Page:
paved street, gutter and storm drain, curb



  • A prepared channel in a surface, especially at the side of a road adjacent to a curb, intended for the drainage of water.
  • A ditch along the side of a road.
  • A duct or channel beneath the eaves of a building to carry rain water; eavestrough.
  • A groove down the sides of a bowling lane.
  • A large groove (commonly behind animals) in a barn used for the collection and removal of animal excrement.
  • Any narrow channel or groove, such as one formed by erosion in the vent of a gun from repeated firing.
  • A space between printed columns of text.
  • One of a number of pieces of wood or metal, grooved in the centre, used to separate the pages of type in a form.
  • An unprinted space between rows of stamps.
  • A drainage channel.
  • The notional locus of things, acts, or events which are distasteful, ill bred or morally questionable.
  • A low, vulgar state.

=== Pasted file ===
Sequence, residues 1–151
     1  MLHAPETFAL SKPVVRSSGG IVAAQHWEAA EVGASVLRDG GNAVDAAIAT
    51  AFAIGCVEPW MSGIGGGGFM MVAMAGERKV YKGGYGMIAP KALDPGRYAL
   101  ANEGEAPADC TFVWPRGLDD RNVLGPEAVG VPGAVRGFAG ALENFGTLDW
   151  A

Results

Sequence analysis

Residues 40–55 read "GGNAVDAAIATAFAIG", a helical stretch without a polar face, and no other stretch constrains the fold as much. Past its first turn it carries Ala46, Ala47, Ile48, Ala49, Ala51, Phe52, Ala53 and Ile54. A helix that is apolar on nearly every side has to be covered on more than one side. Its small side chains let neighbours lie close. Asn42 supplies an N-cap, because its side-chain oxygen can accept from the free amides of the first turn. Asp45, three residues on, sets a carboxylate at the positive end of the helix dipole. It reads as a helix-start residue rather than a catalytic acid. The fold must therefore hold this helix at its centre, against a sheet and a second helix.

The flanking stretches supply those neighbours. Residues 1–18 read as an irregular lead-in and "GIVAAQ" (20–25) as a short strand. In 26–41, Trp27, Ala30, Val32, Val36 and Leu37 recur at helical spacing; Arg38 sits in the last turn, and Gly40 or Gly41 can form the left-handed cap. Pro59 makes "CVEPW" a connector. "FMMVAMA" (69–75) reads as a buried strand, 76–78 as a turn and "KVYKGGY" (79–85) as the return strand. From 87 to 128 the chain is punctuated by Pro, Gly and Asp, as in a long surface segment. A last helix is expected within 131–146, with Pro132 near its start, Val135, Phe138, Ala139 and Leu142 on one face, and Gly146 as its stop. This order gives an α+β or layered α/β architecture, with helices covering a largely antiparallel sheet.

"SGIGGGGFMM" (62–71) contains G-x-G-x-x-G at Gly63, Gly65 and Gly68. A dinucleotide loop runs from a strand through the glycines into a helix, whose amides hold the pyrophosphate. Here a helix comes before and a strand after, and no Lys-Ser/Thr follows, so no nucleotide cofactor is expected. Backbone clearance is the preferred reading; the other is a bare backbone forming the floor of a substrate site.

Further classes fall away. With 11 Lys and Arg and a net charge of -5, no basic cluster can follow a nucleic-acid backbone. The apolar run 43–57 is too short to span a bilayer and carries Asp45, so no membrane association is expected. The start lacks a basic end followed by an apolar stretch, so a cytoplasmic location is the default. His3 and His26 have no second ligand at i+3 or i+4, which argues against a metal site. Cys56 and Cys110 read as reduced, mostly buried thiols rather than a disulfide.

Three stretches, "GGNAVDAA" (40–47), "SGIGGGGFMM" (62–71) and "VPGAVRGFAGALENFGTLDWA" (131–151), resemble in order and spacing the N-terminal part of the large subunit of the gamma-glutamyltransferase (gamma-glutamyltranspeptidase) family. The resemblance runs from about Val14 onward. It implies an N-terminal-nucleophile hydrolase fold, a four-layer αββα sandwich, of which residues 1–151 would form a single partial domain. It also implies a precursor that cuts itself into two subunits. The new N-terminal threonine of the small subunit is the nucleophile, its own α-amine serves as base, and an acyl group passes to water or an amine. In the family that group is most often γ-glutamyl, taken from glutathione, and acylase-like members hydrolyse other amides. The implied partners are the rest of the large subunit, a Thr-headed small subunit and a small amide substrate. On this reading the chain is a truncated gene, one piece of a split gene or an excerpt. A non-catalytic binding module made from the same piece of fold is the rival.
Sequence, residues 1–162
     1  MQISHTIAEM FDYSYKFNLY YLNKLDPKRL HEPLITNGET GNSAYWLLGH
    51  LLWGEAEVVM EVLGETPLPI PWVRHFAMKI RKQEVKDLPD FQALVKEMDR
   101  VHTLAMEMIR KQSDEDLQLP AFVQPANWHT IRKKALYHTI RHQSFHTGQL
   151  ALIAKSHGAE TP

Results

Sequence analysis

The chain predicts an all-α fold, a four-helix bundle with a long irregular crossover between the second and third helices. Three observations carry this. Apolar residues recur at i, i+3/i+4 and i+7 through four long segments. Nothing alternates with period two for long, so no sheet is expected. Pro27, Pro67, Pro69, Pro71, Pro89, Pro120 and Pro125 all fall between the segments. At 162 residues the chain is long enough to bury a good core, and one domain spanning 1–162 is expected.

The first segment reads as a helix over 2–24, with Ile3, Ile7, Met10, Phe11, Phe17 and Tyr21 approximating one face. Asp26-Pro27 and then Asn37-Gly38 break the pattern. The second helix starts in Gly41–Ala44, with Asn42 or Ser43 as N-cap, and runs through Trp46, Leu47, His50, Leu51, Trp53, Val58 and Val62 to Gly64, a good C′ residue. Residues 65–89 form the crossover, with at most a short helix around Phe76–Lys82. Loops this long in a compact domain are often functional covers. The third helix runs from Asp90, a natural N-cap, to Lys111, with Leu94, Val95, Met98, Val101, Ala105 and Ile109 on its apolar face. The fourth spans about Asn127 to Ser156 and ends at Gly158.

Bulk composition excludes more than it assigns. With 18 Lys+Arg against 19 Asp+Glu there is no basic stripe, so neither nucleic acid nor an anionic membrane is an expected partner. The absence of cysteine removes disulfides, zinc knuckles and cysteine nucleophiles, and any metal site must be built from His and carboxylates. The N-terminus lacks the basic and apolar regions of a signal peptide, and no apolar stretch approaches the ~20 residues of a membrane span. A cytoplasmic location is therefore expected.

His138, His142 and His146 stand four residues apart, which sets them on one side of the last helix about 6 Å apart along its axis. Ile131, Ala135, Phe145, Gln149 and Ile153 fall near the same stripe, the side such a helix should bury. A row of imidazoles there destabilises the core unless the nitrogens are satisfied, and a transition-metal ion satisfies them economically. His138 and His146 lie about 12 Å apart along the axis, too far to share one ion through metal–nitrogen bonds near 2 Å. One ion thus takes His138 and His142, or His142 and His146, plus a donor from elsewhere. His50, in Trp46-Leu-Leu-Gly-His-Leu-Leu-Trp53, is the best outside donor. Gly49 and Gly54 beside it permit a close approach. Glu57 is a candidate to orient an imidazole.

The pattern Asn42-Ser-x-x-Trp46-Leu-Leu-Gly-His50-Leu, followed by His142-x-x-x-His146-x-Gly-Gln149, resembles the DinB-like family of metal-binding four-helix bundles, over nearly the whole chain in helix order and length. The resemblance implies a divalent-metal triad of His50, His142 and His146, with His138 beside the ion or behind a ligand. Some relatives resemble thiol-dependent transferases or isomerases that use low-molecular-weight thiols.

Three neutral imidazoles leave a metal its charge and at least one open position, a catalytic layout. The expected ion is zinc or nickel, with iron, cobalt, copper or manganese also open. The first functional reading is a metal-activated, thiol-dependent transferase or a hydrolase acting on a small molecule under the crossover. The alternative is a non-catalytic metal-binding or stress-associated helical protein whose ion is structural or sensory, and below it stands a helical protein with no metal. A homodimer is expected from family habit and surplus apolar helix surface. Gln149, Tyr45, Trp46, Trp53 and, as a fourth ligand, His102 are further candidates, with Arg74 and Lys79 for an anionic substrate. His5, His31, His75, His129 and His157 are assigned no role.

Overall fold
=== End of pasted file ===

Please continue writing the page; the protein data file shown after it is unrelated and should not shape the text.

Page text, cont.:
• The spaces between comic book panels.
  • One who or that which guts.


  • To flow or stream; to form gutters.
  • To melt away by having the molten wax run down along the side of the candle.
  • To flicker as if about to be extinguished.
  • To send (a bowling ball) into the gutter, not hitting any pins.
  • To supply with a gutter or gutters.
  • To cut or form into small longitudinal hollows; to channel.


  • From Middle English gutter, guttur, goter, from Anglo-Norman guttere, from Old French goutiere (French gouttière), ultimately from Latin gutta.
  • gut + -er

Modern English dictionary

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